Bibliography: Acta Sanctorum (Antwerp 1643—; Venice 1734—; Paris 1864—) May 7:87–141. e. jordan, Dictionnaire de théologie catholique, 15 v. (Paris 1903–50) 8.2:1426–58. j. ratzinger, Lexikon für Theologie und Kirche, 10 v. (Freiburg 1957–65) 5:975–976. f. ehrle, Wetzer und Welte's Kirchenlexikon, v. 6 (2d ed. Freiburg 1889) 1471–80; "Die Spiritualen, ihr Verhältnis zum Franziskanerorden und zu den Fraticellen," Archiv für Literaturund Kirchengeschichte des Mittelalters, 7 v., ed. h. denifle and f. ehrle 1:509–569; 2:108–164, 249–336; 3:553–623; 4:1–200. m. w. bloomfield, "Joachim of Flora: A Critical Survey …," Traditio 13 (1957): 249–311. f. russo, "Rassegna Gioachimito-Dantesco," Miscellanea Francescana 38 (1938): 65–83; Bibliografia gioachimita (Florence 1954); Gioacchino da Fiore e le fondazioni florensi in Calabria (Naples 1959). e. buonaiuti, G. da Fiore: I tempi, la vita, il messaggio (Rome 1931). d. l. douie The Nature and Effect of the Heresy of the Fraticelli (Manchester 1932). h. grundmann, Neue Forschungen über Joachim von Fiore (Marburg 1950). m. reeves, The Influence of Prophecy in the Later Middle Ages: A Study in Joachimism (Oxford 1969). b. mcginn, "The Abbot and the Doctors: Scholastic Reactions to the Radical Eschatology of Joachim of Fiore," Church History 40 (1971): 30–47. d. c. west and s. zimdars-swartz, Joachim of Fiore: A Study in Spiritual Perception and History (Bloomington 1983).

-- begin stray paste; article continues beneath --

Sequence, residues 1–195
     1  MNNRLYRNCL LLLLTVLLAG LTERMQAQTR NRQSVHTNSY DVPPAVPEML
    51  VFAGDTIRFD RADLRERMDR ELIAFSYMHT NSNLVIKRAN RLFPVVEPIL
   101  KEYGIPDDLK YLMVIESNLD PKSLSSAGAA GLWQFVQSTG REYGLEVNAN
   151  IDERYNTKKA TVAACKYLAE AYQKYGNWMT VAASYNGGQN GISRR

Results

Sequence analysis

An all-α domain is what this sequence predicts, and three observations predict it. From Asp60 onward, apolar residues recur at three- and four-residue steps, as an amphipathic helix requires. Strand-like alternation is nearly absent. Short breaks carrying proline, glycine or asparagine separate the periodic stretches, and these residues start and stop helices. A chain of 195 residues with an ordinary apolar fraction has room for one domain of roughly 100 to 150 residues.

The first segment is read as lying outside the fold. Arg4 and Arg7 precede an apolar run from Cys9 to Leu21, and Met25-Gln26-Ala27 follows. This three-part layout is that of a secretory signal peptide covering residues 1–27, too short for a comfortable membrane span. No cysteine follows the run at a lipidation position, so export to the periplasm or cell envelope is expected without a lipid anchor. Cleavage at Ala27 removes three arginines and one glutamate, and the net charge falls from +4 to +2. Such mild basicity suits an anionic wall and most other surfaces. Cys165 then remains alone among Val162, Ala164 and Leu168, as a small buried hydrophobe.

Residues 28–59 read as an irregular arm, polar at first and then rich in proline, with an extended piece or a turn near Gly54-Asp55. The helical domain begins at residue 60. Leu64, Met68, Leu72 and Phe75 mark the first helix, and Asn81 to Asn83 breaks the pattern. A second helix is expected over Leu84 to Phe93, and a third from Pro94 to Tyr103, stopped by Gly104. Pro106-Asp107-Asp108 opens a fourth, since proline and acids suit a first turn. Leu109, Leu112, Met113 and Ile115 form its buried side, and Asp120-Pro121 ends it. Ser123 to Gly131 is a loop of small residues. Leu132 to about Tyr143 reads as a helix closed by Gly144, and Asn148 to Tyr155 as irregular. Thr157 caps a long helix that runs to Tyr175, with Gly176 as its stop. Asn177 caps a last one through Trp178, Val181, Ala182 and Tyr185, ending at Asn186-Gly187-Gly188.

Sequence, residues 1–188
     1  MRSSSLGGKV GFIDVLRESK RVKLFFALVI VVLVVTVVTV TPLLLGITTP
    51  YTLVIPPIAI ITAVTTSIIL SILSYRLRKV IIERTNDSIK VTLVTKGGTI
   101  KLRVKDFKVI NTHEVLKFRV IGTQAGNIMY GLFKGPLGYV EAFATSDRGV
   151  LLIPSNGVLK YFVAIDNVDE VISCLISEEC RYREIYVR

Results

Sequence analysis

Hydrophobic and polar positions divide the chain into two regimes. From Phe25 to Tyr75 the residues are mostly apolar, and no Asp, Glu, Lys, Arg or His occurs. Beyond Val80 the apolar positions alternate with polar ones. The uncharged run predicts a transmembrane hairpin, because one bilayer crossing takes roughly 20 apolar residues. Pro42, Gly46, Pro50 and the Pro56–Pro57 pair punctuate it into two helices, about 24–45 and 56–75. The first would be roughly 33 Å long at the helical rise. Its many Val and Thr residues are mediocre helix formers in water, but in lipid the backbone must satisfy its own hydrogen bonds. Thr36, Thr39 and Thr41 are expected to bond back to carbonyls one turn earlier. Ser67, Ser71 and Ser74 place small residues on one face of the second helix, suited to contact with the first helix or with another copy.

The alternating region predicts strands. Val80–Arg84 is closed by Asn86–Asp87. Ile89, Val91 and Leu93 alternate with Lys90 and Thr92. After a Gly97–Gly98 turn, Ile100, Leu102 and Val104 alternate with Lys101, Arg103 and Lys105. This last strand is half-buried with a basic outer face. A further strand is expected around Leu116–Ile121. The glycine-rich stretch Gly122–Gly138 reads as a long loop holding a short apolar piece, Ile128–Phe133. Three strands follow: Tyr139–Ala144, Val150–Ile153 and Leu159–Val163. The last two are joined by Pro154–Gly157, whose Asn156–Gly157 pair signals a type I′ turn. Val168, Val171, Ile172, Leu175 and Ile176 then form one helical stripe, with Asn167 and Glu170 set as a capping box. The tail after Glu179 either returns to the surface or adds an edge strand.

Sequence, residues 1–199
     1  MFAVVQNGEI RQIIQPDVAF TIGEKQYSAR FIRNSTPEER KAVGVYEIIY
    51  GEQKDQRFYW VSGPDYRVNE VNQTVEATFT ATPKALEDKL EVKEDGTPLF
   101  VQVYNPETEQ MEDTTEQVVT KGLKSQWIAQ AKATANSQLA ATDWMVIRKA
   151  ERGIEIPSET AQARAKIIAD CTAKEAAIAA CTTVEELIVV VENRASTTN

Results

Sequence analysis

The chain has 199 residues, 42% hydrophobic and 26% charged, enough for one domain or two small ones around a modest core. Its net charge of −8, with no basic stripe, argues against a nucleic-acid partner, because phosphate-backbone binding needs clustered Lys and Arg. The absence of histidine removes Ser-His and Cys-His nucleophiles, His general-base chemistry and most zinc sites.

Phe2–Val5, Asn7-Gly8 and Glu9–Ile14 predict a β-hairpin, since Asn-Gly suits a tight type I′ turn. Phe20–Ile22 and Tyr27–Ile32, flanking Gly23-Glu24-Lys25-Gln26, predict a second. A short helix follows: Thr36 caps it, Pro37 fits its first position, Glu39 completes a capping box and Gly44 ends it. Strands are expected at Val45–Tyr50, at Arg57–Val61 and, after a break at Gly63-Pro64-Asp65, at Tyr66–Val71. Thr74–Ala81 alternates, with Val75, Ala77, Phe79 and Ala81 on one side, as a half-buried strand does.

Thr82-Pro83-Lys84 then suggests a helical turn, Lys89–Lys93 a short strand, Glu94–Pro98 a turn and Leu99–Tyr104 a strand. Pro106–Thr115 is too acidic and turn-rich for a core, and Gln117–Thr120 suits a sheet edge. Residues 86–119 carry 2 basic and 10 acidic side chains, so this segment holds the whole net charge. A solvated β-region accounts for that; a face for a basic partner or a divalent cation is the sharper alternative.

[m. f. laughlin]
Joachim of Fiore
JOACHIM OF FIORE
JOACHIM OF FIORE (c. 1135–1202) was an Italian monk and biblical exegete. Joachim was born in Calabria, and after a pilgrimage to Palestine he returned to southern Italy, where he became successively abbot of the Benedictine, later Cistercian, monastery at Curazzo and founder of his own Florensian congregation at San Giovanni in Fiore. The Mediterranean was then a crossroads of history, with pilgrims and Crusaders coming and going and rumors of "the infidel" rife. Joachim was acutely aware of living in the end time and sought an interpretation of history through biblical exegesis illumined by spiritual understanding, a view elaborated upon in works such as Liber Concordie Novi ac Veteris Testamenti (1519), Expositio in Apocalypsim (1527), and Psalterium decem chordarum (1527).